Carbon Budgets of Mesozooplankton Copepod Communities in the Eastern Atlantic Ocean—Regional and Vertical Patterns Between 24°N and 21°S

Carbon Budgets of Mesozooplankton Copepod Communities in the Eastern Atlantic Ocean—Regional... The copepods' impact on vertical carbon flux was assessed for stratified depth layers down to 2,000 m at six stations along a transect between 24°N and 21°S in the eastern Atlantic Ocean in October/November 2012. Total copepod community consumption ranged from 202 to 604 mg C m−2 day−1, with highest ingestion rates in the tropical North Atlantic. Calanoids consumed 75–90% of the particulate organic carbon (POC) ingested by copepods, although the relative contribution of cyclopoids (mostly Oncaeidae) increased with depth. Net ingestion (= consumption − fecal pellet egestion) of POC varied from 106 to 379 mg C m−2 day−1 for calanoids and 37–51 mg C m−2 day−1 for cyclopoids, corresponding to 16–58% and 5–9%, respectively, of primary production (PP). In total, 9–33% and 2–5% of PP were respired as inorganic carbon by calanoids and cyclopoids, respectively. Copepod ingestion was highly variable between stations and depth layers, especially in the epipelagic and upper mesopelagic zone. Diel vertical migrants such as Pleuromamma enhanced the vertical flux to deeper layers, particularly in the region influenced by the Benguela Current. The impact of copepod communities on POC flux decreased below 1,000 m, and POC resources reaching the bathypelagic zone were far from being fully exploited by copepods. As key components, copepods are important mediators of carbon fluxes in the ocean. Their biomass, community composition, and interactions strongly affect the magnitude of organic carbon recycled or exported to deeper layers. High variability, even at smaller vertical scales, emphasizes the complex dynamics of the biological carbon pump. http://www.deepdyve.com/assets/images/DeepDyve-Logo-lg.png Global Biogeochemical Cycles Wiley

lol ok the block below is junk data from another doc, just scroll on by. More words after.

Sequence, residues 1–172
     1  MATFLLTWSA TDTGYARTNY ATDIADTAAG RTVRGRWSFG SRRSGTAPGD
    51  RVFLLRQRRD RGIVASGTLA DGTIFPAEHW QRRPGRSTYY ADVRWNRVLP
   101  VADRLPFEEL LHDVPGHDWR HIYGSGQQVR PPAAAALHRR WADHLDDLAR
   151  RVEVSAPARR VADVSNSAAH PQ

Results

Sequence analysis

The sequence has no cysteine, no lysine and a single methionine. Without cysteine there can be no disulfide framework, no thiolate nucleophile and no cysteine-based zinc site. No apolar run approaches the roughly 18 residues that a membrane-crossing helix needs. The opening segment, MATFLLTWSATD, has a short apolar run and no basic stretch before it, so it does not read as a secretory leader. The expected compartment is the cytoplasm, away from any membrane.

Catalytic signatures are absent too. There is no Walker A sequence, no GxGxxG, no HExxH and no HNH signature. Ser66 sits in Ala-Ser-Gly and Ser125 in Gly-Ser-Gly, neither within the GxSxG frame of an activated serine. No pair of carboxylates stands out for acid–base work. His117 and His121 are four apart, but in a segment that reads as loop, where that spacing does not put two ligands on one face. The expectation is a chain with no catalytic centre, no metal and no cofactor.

Carbon Budgets of Mesozooplankton Copepod Communities in the Eastern Atlantic Ocean—Regional and Vertical Patterns Between 24°N and 21°S

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Publisher
Wiley Subscription Services, Inc., A Wiley Company
Copyright
©2018. American Geophysical Union. All Rights Reserved.
ISSN
0886-6236
eISSN
1944-9224
D.O.I.
10.1029/2017GB005807
Publisher site
See Article on Publisher Site

Abstract

The copepods' impact on vertical carbon flux was assessed for stratified depth layers down to 2,000 m at six stations along a transect between 24°N and 21°S in the eastern Atlantic Ocean in October/November 2012. Total copepod community consumption ranged from 202 to 604 mg C m−2 day−1, with highest ingestion rates in the tropical North Atlantic. Calanoids consumed 75–90% of the particulate organic carbon (POC) ingested by copepods, although the relative contribution of cyclopoids (mostly Oncaeidae) increased with depth. Net ingestion (= consumption − fecal pellet egestion) of POC varied from 106 to 379 mg C m−2 day−1 for calanoids and 37–51 mg C m−2 day−1 for cyclopoids, corresponding to 16–58% and 5–9%, respectively, of primary production (PP). In total, 9–33% and 2–5% of PP were respired as inorganic carbon by calanoids and cyclopoids, respectively. Copepod ingestion was highly variable between stations and depth layers, especially in the epipelagic and upper mesopelagic zone. Diel vertical migrants such as Pleuromamma enhanced the vertical flux to deeper layers, particularly in the region influenced by the Benguela Current. The impact of copepod communities on POC flux decreased below 1,000 m, and POC resources reaching the bathypelagic zone were far from being fully exploited by copepods. As key components, copepods are important mediators of carbon fluxes in the ocean. Their biomass, community composition, and interactions strongly affect the magnitude of organic carbon recycled or exported to deeper layers. High variability, even at smaller vertical scales, emphasizes the complex dynamics of the biological carbon pump.

Journal

Global Biogeochemical CyclesWiley

Published: Jan 1, 2018

Keywords: ; ; ; ; ;

References

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